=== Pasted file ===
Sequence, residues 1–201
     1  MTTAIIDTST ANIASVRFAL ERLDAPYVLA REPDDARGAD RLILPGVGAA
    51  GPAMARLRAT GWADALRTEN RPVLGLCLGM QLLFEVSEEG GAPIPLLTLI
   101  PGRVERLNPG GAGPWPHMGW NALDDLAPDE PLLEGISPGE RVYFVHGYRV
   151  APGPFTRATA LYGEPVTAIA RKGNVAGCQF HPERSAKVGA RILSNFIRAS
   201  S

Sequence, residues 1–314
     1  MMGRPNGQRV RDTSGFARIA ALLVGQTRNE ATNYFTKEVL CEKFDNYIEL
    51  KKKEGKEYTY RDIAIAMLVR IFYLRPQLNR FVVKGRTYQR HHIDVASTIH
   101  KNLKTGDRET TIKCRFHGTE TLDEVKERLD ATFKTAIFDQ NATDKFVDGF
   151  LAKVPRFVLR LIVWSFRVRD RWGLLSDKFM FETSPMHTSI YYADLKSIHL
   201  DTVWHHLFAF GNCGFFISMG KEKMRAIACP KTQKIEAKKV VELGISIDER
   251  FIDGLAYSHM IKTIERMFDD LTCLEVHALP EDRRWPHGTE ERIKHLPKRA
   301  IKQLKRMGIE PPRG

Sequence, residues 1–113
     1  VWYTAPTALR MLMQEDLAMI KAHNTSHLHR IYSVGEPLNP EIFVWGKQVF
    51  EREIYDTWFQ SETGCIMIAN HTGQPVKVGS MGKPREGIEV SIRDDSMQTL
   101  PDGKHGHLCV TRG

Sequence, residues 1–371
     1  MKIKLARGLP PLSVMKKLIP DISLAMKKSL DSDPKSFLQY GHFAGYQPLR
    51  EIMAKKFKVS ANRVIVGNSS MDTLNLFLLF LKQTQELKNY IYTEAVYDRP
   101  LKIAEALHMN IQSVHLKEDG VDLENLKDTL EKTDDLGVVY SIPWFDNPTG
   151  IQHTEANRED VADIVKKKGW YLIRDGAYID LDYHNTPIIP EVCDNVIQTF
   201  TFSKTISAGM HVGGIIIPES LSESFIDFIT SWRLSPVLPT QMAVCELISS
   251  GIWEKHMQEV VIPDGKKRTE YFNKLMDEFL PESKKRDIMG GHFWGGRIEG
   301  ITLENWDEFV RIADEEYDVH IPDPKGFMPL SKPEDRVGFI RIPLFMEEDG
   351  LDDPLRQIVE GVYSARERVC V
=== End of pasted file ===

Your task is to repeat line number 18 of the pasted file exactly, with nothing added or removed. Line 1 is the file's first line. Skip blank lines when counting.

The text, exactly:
   101  PDGKHGHLCV TRG